According to Young, the physical activity of girls is limited not by any physical differences between men and women, but by oppressive patriarchal forces that constrict their movements.
“Women in sexist society are physically handicapped,” Young noted.
This constriction can be seen in more than acts like throwing — which from hunting to baseball, is already perceived as a more “masculine” act in society’s eyes. Any rider on the subway can see how an act like “manspreading,” in which a man will extend the limbs of his body to take up maximum physical real estate, contrasts with how many women will shrink themselves to take up as little space as possible.
Overcoming the hurdles between girls and physical activity is daunting, because it effectively means fighting against a sexist society and its norms.
Conditioning starts as early as the playground, when common taunts like “You throw like a girl” dissuade young people from being physically active and tapping into their bodies’ full potential.
Robinson acknowledged the challenges. “There are various social [and] cultural factors that influence girls’ participation in sports,” she noted, adding the key is to be conscious of these factors.
Robinson recommended that adults, parents, and teachers “be very cautious of and try to be aware of what we say to individuals.” They must also be willing to “try to correct those behaviors and those actions [that might discourage girls from pursuing fitness]” — or any other pursuits, for that matter.
And when it comes to dismantling stereotypes, both conversation and education are key.
“I think the best way is communicating and talking about [societal challenges] and bringing them to light,” Robinson said, adding, “these are issues that we still face today… [not just] 10, 20, 30 years ago or more… Hopefully, one day people will say, OK, it’s time to really move forward and move past it.”
Working to build a better bridge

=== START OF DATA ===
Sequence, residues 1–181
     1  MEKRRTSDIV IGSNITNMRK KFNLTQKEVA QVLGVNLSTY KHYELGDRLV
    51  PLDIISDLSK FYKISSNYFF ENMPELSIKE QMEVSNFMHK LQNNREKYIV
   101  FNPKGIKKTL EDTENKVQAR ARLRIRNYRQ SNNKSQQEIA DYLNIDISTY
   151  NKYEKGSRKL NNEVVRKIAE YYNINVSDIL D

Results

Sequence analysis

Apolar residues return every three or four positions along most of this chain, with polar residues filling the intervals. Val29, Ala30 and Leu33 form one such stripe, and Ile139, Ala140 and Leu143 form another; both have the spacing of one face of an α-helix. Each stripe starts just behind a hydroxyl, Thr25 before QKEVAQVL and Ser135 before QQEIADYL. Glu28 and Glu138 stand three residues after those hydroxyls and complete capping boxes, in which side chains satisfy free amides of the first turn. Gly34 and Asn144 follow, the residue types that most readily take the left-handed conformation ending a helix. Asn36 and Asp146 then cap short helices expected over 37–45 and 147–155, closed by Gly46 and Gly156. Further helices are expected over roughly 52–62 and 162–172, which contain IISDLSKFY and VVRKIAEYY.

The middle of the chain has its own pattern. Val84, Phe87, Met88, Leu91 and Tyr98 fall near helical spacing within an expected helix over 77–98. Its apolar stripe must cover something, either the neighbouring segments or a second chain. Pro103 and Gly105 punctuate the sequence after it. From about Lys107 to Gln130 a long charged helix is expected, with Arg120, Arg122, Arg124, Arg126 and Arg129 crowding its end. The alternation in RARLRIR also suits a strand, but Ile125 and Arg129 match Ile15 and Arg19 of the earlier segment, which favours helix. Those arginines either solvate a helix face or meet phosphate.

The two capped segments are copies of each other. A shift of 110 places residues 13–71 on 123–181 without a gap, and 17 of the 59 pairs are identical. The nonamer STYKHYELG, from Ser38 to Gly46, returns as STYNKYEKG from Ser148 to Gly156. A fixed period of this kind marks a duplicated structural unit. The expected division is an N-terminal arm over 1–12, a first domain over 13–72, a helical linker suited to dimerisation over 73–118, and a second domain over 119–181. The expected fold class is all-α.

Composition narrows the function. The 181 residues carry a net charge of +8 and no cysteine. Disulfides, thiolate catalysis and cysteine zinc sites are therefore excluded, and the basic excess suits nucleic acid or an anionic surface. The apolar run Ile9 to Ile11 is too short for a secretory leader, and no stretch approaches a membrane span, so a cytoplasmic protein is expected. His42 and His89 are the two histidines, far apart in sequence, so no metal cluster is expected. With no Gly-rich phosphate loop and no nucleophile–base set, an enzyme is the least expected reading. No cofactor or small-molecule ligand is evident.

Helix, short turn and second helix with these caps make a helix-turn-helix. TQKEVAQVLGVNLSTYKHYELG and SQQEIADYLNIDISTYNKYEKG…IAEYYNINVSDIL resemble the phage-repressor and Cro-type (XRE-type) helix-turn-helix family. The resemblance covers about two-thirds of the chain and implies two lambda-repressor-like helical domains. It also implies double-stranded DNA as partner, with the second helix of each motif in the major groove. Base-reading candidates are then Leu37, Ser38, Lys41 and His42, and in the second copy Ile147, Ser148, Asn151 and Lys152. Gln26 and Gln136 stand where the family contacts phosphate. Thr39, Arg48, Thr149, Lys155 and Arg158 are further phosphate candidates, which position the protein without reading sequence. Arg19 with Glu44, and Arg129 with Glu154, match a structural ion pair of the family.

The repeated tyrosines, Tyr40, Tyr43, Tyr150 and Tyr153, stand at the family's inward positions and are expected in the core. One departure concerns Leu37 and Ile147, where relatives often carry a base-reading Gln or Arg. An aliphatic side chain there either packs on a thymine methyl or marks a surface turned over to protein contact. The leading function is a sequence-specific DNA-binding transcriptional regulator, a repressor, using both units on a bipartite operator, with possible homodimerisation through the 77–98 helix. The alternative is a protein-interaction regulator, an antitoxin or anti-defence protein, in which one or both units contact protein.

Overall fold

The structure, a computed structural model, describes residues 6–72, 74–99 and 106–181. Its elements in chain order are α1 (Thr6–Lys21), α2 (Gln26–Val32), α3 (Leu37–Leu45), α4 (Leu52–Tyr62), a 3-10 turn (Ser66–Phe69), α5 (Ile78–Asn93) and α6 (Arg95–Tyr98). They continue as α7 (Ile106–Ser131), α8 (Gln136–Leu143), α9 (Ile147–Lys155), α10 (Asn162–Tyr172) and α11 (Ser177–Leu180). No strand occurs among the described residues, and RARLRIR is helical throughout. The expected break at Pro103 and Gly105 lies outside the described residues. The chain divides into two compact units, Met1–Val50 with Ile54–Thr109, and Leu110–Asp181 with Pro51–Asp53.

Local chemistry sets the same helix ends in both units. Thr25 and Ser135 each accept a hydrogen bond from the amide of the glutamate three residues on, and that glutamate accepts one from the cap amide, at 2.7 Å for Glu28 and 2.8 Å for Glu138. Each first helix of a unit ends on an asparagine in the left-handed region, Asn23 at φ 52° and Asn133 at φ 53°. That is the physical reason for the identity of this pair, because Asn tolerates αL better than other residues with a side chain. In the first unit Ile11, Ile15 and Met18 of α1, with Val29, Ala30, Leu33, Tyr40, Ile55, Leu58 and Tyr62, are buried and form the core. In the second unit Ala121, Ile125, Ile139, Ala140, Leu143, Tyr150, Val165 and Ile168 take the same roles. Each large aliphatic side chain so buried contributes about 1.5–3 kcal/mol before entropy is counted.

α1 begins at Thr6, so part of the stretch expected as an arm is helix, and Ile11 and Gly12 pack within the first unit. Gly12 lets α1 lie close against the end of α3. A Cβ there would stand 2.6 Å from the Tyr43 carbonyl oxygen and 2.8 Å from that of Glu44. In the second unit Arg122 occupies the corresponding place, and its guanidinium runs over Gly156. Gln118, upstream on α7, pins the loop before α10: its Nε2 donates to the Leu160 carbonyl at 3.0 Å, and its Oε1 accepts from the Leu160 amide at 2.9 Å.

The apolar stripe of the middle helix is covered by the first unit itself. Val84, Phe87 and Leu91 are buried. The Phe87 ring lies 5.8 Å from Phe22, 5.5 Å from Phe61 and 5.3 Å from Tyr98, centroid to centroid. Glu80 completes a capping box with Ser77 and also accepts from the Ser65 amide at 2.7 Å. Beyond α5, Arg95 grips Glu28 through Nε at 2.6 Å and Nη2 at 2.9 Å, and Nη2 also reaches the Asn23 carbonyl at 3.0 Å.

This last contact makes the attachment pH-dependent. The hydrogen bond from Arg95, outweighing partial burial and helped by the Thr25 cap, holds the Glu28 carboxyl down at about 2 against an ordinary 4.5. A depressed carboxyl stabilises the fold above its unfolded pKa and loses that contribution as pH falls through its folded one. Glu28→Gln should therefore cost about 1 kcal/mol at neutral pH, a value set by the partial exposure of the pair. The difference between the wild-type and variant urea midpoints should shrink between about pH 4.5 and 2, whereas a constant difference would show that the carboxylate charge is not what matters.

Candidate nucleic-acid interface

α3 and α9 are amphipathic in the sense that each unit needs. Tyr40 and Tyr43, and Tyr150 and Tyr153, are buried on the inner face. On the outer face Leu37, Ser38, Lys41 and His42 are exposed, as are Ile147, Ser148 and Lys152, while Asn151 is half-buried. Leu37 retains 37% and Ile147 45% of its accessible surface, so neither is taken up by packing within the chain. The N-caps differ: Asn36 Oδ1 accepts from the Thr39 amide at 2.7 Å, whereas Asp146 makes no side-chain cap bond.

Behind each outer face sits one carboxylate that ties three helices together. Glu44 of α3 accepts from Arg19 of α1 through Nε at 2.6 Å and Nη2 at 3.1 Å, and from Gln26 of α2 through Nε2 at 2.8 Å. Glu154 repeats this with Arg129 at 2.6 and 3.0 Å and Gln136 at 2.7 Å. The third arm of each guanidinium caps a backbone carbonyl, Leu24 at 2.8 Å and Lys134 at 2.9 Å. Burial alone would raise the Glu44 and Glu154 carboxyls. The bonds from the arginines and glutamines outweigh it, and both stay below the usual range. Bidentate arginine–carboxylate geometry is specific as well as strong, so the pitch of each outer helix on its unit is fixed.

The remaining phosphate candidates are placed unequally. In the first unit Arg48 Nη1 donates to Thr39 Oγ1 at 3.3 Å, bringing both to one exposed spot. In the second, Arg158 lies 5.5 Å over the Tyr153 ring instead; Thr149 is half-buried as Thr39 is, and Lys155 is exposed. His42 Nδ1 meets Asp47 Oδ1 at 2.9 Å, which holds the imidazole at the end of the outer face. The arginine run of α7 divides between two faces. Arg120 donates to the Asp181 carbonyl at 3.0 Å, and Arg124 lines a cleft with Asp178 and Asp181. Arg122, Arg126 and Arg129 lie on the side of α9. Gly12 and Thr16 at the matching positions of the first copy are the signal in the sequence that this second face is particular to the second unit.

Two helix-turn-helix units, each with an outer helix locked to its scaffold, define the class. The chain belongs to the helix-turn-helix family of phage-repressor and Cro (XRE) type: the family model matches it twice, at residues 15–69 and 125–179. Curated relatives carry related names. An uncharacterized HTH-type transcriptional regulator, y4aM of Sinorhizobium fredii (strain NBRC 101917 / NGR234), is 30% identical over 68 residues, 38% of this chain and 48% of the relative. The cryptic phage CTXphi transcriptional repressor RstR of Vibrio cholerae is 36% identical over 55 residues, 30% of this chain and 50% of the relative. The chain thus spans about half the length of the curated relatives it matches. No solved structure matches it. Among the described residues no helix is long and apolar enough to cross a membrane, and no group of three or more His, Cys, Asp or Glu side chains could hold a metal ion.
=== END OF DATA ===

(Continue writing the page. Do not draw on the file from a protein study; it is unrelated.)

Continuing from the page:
Implementing programs like CHAMP, which foster motor skills and a pro-fitness social environment from an early age, is an important step toward bridging the gender gap.
At present, Robinson and her colleagues are seeking funding in order to train others to help bring the curriculum to more schools.
Robinson’s ultimate goal is to persuade policy makers to institute CHAMP in pre-K to third grade classrooms across the country. She hopes to accomplish this “so I can say that every child hopefully is getting a solid foundation for movement that can get them on a healthy trajectory for activity across their lifespan.”
As for now, the National Institutes of Health is funding a five-year study that will examine the impact of CHAMP for 300 Michigan preschoolers in motor skills as well as other developmental health outcomes in areas like attention and memory.
Another study showed promising gains in these latter areas among CHAMP kids, although more research is required.
Eventually, Robinson hopes to track long-term gains across diverse populations, including LGBT young people, who face unique hurdles to physical education such as stigma related to sexuality or gender identity.
Robinson says she’d like to see an expansion of CHAMP to “see what may happen” when young people up to high school from various backgrounds are raised with a fresh approach to physical education and thinking about gender roles in fitness.
Fresh thinking about gender roles may be required from adults as well — particularly for those with the resources to help improve physical education in American schools.
What would Robinson say to a person who told her that boys are just naturally better than girls at sports?
“I would say put your money where your mouth is and let’s see if that’s really true,” she concluded.